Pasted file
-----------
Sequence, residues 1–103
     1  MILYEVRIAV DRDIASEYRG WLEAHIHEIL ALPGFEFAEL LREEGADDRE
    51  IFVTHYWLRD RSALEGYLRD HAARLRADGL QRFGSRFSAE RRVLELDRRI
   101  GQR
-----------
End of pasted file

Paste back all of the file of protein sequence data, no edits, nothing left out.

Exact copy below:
Sequence, residues 1–103
     1  MILYEVRIAV DRDIASEYRG WLEAHIHEIL ALPGFEFAEL LREEGADDRE
    51  IFVTHYWLRD RSALEGYLRD HAARLRADGL QRFGSRFSAE RRVLELDRRI
   101  GQR